Allison L Kuipers

  • Associate Professor
  • Faculty in Epidemiology

Dr. Kuipers' primary research is on the molecular determinants of cardiovascular and other age-related diseases. Her long-term interests stem from previous exposure to both laboratory and epidemiologic research and include the development of translational approaches that move from “the bench to the population”. Dr. Kuipers’ current research is focused on evaluating the epidemiologic predictors of cardiac structure and function, and other subclinical cardiovascular disease measures in a population-based, longitudinal cohort study of African ancestry men and women on the Caribbean island of Tobago. She currently has an R01 to add transthoracic echocardiography to her existing data archive of subclinical cardiovascular disease, including vascular calcification, carotid ultrasound, and pulse-wave velocity, in this study. This represents the first population-based data on cardiac structure and function in African Caribbeans to date and will help establish the risk factors and molecular predictors of these measures in this population subset with a great burden of hypertensive disease. Her overarching aim is to use a variety of banked biospecimen samples to test the association of multiple molecular markers, such as genetic variation, gene expression, and protein concentration, with cardiac and vascular measures in order to better understand the etiology and physiology of cardiovascular disease. She is also researching the role that aging plays in vascular health with both her own study and as a part of the Long Life Family Study, a family-based longitudinal cohort of exceptional longevity, for which a study site is located at the University of Pittsburgh. Her long-term research goals are focused on using translational molecular techniques to study the interrelation and shared etiologies of an array of human chronic diseases, including cardiovascular disease, aging, hypertension, dyslipidemia, obesity, diabetes, kidney disease, and osteoporosis.


2014 | University of Pittsburgh, Pittsburgh, PA | NHLBI T32 Post-doctoral Fellowship
2011 | University of Pittsburgh, Pittsburgh, PA | PhD in Epidemiology
2011 | University of Pittsburgh, Pittsburgh, PA | Certificate in Public Health Genetics
2011 | University of Pittsburgh, Pittsburgh, PA | NHLBI T32 Pre-doctoral Fellowship
2007 | University of Pittsburgh, Pittsburgh, PA | BS in Biological Sciences


EPIDEM 2600: Molecular Epidemiology (Spring Semester)

Selected Publications

An updated, complete list of publications can be found at:

A selection of influential works include: 

1.     Kuipers AL, Miljkovic I, Kammerer CM, Evans RW, Bunker CH, Patrick AL, Wheeler VW, Sutton-Tyrrell K, Zmuda JM. Evidence for a genetic link between bone and vascular measures in African ancestry families. J Bone Miner Res. Aug 2013. 28(8):1804-10.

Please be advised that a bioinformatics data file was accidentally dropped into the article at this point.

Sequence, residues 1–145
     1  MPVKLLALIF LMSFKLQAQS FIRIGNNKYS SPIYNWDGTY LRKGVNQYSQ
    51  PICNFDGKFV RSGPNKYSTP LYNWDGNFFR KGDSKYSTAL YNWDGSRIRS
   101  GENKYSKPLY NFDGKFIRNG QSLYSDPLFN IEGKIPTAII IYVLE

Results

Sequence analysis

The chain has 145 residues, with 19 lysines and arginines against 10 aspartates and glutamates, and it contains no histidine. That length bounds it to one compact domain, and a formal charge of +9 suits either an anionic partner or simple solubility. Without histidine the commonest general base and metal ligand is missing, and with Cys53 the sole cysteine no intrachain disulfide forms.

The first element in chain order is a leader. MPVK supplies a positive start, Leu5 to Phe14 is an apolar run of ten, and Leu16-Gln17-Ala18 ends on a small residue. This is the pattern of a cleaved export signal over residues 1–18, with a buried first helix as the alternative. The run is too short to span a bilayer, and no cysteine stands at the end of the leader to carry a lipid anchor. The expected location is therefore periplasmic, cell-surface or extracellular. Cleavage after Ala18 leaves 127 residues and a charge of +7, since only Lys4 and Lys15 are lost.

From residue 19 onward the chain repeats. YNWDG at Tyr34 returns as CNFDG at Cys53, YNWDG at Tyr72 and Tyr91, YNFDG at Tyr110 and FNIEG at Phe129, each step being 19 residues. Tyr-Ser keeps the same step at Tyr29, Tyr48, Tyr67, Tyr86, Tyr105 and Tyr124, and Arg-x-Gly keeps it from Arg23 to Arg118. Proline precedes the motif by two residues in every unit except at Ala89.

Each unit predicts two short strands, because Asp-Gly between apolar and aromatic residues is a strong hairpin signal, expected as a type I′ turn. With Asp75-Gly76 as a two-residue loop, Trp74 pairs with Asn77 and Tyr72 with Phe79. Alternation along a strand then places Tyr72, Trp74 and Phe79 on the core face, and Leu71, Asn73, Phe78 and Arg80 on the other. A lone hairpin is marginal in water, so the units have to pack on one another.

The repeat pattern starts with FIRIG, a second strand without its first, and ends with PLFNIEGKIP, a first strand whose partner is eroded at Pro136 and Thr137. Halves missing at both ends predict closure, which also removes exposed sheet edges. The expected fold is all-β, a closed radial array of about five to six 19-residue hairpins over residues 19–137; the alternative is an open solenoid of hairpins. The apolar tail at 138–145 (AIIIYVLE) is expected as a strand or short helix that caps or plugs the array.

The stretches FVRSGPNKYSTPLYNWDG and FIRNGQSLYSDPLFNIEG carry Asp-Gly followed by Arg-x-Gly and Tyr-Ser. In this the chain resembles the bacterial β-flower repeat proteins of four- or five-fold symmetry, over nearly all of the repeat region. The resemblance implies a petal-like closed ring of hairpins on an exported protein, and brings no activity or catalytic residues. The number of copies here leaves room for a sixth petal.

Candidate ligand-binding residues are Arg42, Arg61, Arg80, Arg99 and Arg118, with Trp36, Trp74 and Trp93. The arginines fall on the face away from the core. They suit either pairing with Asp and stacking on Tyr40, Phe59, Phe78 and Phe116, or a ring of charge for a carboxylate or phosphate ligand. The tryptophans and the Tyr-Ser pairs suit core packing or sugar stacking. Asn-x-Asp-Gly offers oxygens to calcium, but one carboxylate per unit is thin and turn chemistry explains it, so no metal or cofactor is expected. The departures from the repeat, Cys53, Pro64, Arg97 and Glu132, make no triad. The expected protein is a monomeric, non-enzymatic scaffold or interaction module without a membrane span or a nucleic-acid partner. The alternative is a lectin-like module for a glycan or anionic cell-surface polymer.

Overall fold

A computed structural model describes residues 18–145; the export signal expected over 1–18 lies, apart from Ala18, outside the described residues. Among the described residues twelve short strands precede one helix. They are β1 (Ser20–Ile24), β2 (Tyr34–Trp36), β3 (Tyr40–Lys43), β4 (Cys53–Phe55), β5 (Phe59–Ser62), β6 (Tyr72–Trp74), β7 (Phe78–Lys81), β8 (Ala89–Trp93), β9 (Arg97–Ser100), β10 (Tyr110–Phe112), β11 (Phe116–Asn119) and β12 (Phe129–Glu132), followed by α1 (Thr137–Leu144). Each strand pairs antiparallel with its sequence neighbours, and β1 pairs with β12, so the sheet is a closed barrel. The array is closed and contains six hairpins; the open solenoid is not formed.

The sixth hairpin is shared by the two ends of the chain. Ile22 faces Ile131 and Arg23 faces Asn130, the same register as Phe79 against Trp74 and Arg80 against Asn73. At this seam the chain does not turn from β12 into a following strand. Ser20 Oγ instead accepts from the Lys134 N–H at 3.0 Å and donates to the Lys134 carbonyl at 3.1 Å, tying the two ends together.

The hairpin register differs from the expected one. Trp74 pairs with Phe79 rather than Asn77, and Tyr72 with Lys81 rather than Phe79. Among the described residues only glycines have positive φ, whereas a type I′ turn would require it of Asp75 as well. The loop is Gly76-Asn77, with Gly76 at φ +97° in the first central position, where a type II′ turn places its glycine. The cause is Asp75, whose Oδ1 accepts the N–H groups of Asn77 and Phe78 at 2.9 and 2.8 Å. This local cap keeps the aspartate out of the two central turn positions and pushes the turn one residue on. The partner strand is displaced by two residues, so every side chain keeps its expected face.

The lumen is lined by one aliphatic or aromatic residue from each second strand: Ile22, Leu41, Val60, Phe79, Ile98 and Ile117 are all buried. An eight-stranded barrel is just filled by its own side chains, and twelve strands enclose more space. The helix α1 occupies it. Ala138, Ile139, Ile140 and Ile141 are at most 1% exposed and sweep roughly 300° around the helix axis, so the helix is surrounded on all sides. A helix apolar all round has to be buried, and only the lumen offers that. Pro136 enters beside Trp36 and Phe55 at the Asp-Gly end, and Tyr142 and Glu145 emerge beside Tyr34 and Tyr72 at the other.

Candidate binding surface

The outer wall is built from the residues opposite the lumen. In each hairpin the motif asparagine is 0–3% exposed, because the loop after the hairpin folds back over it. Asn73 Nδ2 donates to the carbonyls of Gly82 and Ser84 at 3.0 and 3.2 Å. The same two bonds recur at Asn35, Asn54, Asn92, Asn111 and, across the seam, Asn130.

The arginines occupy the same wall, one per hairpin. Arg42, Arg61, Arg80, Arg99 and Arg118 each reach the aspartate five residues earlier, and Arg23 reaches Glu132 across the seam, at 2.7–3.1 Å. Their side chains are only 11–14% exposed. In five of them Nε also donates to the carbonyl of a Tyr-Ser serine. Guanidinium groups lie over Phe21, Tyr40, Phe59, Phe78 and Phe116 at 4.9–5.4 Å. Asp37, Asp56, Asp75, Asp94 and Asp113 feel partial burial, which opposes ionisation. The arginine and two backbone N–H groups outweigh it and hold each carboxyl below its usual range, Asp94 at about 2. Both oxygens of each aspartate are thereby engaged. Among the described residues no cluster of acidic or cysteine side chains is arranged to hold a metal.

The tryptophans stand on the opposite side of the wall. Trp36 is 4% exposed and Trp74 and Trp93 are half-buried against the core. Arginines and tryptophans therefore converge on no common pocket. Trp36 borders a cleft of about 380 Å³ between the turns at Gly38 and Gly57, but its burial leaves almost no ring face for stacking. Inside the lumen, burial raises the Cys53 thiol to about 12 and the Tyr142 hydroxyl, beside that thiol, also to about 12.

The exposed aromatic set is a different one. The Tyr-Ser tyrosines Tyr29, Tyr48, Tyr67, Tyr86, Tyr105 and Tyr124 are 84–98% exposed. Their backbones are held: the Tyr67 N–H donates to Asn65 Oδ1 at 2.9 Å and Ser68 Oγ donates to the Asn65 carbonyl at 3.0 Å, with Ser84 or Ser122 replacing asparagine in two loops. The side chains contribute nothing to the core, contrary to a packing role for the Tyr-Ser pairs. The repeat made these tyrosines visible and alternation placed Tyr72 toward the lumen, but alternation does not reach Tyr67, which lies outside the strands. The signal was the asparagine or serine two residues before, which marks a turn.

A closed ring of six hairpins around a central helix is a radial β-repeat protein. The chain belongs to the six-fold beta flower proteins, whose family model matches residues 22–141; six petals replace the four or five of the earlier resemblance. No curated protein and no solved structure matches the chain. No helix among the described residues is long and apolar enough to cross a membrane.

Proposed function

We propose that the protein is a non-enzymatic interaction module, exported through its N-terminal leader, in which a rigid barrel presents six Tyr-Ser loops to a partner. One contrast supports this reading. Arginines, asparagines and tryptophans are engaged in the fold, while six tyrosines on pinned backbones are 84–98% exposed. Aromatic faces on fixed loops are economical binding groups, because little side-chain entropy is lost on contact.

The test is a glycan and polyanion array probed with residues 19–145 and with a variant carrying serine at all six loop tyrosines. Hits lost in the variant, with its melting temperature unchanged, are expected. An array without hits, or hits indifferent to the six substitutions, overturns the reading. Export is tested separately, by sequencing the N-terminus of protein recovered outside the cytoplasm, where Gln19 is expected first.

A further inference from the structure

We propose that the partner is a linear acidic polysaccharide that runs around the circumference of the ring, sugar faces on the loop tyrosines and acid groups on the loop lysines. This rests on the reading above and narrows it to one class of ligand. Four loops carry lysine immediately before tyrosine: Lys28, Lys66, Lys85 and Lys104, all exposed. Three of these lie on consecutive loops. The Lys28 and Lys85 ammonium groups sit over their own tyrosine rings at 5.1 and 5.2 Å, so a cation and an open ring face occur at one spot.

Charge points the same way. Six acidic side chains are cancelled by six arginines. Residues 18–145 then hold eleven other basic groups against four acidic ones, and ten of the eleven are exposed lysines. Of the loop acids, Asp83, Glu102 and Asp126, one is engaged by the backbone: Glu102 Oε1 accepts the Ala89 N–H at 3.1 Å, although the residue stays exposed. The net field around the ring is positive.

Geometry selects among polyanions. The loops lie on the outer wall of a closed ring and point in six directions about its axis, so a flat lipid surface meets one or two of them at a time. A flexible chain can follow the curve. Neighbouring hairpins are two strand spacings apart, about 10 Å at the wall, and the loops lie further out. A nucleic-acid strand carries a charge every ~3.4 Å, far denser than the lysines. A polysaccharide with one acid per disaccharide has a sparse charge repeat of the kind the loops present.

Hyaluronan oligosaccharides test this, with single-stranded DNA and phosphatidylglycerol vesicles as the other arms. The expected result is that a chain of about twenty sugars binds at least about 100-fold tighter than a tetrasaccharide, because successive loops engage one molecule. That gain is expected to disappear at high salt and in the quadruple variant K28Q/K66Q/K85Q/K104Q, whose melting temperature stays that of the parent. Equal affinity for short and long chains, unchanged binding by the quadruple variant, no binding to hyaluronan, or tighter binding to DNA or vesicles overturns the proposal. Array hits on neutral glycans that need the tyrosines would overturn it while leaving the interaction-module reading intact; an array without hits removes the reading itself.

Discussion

2.     Kuipers AL, Kammerer CM, Miljkovic I, Woodard G, Miljkovic I, Bunker CH, Patrick AL, Wheeler VW, Newman AB, Zmuda JM. Genetic epidemiology and genome-wide linkage analysis of carotid artery ultrasound traits in multigenerational African ancestry families. Atherosclerosis. Nov 2013. 231(1):120-3.

3. Kuipers AL, Zmuda JM, Carr JJ, Terry JG, Nair S, Cvejkus R, Bunker CH, Patrick AL, Wassel CL, Miljkovic I. Association of Ectopic Fat with Abdominal Aorto-Illiac and Coronary Artery Calcification in African Ancestry Men. Atherosclerosis. June 2017. 263:198-204.

4. Kuipers AL, Miljkovic I, Barinas-Mitchell E, Cvejkus R, Bunker CH, Wheeler VW, Zmuda JM. Arterial stiffness and hypertension status in Afro-Caribbean men.  J Hypertens. 2019. 37(3):546-54.

5. Kuipers AL, Wojczynski MK, Barinas-Mitchell E, Minster RL, Wang L, Feitosa MF, Kulminski A, Thyagarajan B, Lee JH, Province MA, Newman AB, Zmuda JM. Genome-wide linkage analysis of carotid artery traits in exceptionally long-lived families. Athersclerosis. 2019. Oct 10(291):19-26.

6. Kuipers AL, Miljkovic I, Barinas-Mitchell E, Nestlerode CS, Cvejkus RK, Wheeler VW, Zhang Y, Zmuda JM. Wnt pathway gene expression is associated with arterial stiffness. J Am Heart Assoc. 2020. 9(3):e014170.

       7. Yang Y, Cvejkus RC, Barinas-Mitchell E, Cristensen K, Wojcynski MK, Thyagarajan B, Zmuda JM, Kuipers AL.      Genetic Association Analysis of the Cardiovascular Biomarker: N-Terminal prohormone Brain Natriuretic Pepetid (NT-proBNP). PLOS One 2021 Mar 15;16(3):e0248726.

       8. Feitosa M, Kuipers AL, Wojczynski M, Wang L, Barinas-Mitchell E, Kulminski A, Thyagarajan B, Lee J, Perls T, Christensen K, Newman A, Zmuda J, Province M. Heterogeneity of the Predictive Polygenic Risk Scores for Coronary Heart Disease Age-at-onset in Three Different CHD Family-based Ascertainments. Circ Genom Precis Med. 2021 Apr 12. Doi: 10.1161/CIRCGEN.120.003201. Online ahead of print.

       9. Cvejkus RK, Miljkovic I, Barone Gibbs B, Zmuda JM, Wheeler VW, Kuipers AL. Association of physical activity with blood pressure in African ancestry men. Prev Med Rep. 2021 Jun 16;23:101458.

     10. Yudkovicz JJ, Minster RL, Barinas-Mitchell E, Christensen K, Feitosa M, Barker MS, Newman AB, Kuipers AL. Pleiotropic Effects Between Cardiovascular Disease Risk Factors and Measures of Cognitive and Physical Function in Long-Lived Adults. Sci Rep. 2021 11(1):17980.

      11. Kuipers AL, Carr JJ, Terry JG, Nair S, Barinas-Mitchell E, Wheeler V, Zmuda JM, Miljkovic I. Aortic area as an indicator of subclinical cardiovascular disease. 2022. In print at The Open Cardiovascular Medicine Journal.